won the World Cup and European Championship with Germany during a glittering career in which he played for Inter, Tottenham and Bayern, among others. As a coach, he led Germany to a third-place finish at the 2006 World Cup and managed the U.S. men’s national team from 2011-16. In addition to an ESPN.com column, he is a regular guest on FC Daily.
Taking over as manager midway through a season is all about adapting quickly, and Thomas Tuchel will have been busy since replacing Frank Lampard at Chelsea last week. He was coaching on the touchline one day after arriving, had another game at the weekend and now prepares for a visit to Jose Mourinho’s Tottenham on Thursday. Oh, and there was the end of the transfer window — phew!
Thomas’ experience with Paris Saint-Germain was a reminder that things can happen overnight in football, both negatively and positively. I am sure he looks back at his time as an amazing experience, with Neymar and Kylian Mbappe as the main aspects of the team, but having seen it was not enough to win the league and cup and reach the Champions League final, he probably will approach Chelsea a little differently, even if the goal is similar: win trophies.
The best managers have ways of settling and putting their stamp on a new club. Mourinho, for example, understands what is needed and does not fool around. He is very clear and his specific way of doing things might be connected to a style of play that does not please everybody, but pretty much wherever he has been, he has won.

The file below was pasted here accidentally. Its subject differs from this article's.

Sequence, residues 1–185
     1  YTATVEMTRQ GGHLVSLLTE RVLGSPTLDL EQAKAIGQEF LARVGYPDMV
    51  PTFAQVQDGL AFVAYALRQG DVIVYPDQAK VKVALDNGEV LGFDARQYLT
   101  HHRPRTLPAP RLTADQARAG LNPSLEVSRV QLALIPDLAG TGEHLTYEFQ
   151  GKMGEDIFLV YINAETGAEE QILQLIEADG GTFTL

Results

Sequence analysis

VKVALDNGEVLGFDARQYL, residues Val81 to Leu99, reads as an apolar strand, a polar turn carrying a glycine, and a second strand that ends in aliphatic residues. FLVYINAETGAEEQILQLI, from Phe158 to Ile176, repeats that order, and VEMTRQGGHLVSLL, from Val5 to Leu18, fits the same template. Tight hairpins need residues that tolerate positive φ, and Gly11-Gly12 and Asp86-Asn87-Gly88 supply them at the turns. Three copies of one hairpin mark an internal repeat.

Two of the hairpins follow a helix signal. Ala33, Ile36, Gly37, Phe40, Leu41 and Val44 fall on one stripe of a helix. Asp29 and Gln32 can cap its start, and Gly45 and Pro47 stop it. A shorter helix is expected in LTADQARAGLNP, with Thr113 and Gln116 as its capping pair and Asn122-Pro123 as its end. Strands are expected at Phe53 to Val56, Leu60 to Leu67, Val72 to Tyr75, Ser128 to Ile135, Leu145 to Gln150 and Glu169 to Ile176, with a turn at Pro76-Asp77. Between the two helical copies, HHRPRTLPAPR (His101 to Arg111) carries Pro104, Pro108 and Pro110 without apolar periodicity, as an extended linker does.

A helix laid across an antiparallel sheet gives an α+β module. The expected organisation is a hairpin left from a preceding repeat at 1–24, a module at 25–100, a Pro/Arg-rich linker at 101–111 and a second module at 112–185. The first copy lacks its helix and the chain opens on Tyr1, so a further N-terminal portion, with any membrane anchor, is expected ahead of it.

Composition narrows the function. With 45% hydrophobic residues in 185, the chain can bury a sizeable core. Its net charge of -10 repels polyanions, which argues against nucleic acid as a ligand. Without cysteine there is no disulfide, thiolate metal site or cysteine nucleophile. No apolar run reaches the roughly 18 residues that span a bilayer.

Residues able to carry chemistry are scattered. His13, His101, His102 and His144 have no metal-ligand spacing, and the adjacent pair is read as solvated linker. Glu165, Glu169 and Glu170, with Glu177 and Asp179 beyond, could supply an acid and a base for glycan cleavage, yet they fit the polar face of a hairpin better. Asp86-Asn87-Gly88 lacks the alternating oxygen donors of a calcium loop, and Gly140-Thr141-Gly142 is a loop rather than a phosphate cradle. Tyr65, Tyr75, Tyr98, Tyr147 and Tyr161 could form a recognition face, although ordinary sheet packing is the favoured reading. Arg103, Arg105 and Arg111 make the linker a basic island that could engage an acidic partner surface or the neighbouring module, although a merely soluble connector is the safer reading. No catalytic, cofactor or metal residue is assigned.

It is important to stick to your own personality. Mourinho does not make promises he cannot keep; he goes into a new job and says, “this is me, I have to do it my way,” and his success proves it works. Liverpool’s Jurgen Klopp is the same, only for him it is playing attacking-minded, 200 mph football! If you look at the top managers, they all have their trademark.
Everyone talks to everyone else in football is an industry and so, before he arrived in London, Thomas will have been discussed by the Chelsea players. This can help a new manager; Thiago Silva and Christian Pulisic, for example, can spread the message that the man they worked with — at PSG and Borussia Dortmund respectively — is a good guy and a positive person who is full of energy and inspiration.
Thomas knew Pulisic as a teenager and now gets an older, more mature footballer who can get even better playing a style that suits him: a fast-paced, transitional game, with high tempo and high pressure when possible. Pulisic has a presence and personality on the field; he is demanding of the ball and has proved that he made the right move to join Chelsea.
A lot of expectation will be on Timo Werner and Kai Havertz to find top form under their fellow German. It is true that they have found it difficult in England, but both are difference-makers and part of that category of players, who move from one Champions League club to another because of what they offer. Thomas has to look at why things have not worked out yet, and maybe his evaluation will be that they just need a bit more time.
Werner can play wide, where there is more space for his speed than as a No. 9; when he is in a one-on-one situation and makes the first move and you don’t have the ball right away as a defender, he is gone. But deep inside, he is a goal scorer; that’s what he lives for. And that’s why he should take the next penalty when he gets a chance, even after missing his last one.